Unlike women, men can still be seen socialising on the streets. Young boys can be seen on two-wheelers out for little joy rides, as schools and colleges remain shut. However, women, with or without a paid job, are now additionally burdened with their traditionally-considered primary job, unpaid domestic care work.
With the schools and creches shut, and COVID-19 being considered a greater threat to the elderly, women have had to be more attentive to child and elderly care along with their daily household work and additional office work. This has left them with little time to socialise, let alone populate the streets in an attempt to socialise, thus categorically giving up their share of existence in public spaces.
The whole scenario has made women’s access to essential services, such as markets or health services, considerably unsafe. The numbers from June 2020 are testament to something that most women know to be true: streets unpopulated by women are that much more unsafe for other women. Women who have to commute for essentials or for work, alone, and especially in public transport now are at enhanced risk of experiencing fear and discomfort arising out of possibilities of sexual crimes.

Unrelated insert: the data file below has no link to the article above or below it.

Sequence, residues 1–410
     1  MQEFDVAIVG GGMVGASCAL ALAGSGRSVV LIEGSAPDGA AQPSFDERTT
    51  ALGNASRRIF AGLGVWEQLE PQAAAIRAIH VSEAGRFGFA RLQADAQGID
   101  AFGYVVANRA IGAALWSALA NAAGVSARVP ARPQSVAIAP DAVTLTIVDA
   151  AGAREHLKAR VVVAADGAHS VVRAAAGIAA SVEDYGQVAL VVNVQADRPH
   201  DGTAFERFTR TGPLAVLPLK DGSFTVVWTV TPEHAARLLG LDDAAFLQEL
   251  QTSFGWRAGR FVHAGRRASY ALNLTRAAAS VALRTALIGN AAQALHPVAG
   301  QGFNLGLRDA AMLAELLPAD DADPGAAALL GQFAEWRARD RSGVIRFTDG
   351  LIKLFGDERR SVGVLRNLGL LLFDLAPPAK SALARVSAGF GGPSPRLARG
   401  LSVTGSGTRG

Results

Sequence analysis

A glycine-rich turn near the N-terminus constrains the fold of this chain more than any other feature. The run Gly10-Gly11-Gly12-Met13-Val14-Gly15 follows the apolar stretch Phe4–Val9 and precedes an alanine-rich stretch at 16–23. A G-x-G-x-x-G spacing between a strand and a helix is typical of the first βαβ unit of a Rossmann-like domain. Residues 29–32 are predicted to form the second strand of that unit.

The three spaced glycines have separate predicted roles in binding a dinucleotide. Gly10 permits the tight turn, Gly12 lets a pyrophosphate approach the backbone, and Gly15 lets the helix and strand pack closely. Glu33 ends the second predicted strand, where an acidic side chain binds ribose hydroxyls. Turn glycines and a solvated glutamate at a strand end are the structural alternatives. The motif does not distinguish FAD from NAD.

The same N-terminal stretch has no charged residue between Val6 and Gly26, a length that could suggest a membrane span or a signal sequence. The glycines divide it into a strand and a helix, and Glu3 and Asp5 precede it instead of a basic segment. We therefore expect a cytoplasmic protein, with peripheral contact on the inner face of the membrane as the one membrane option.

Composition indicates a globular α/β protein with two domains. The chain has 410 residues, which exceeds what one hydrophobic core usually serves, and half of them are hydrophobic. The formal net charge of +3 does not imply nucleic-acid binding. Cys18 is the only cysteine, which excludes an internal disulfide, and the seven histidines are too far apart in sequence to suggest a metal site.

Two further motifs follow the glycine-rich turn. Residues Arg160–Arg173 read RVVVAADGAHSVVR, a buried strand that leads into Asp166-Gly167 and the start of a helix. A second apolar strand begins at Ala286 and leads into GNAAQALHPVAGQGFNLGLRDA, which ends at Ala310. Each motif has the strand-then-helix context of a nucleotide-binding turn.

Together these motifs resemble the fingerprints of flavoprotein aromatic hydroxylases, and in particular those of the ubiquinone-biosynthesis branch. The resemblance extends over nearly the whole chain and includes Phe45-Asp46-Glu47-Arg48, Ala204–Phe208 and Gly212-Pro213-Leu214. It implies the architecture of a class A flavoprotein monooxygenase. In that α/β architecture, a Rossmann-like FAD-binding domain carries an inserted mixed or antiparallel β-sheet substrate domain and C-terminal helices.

Before COVID-19, the challenge was to bring a social change in the acceptance of women’s presence in public spaces irrespective of the time or purpose to make public spaces safer for all women.
Reclaiming of public spaces for safety of women might become a distant dream if the pandemic persists for long. This distorted sex ratio in public spaces can prove to be fatal to women’s freedom of movement, further discouraging women from being a part of the workforce.
Sudeshna Maitra is a Research Associate at the National Institute of Rural Development & Panchayati Raj (NIRD&PR).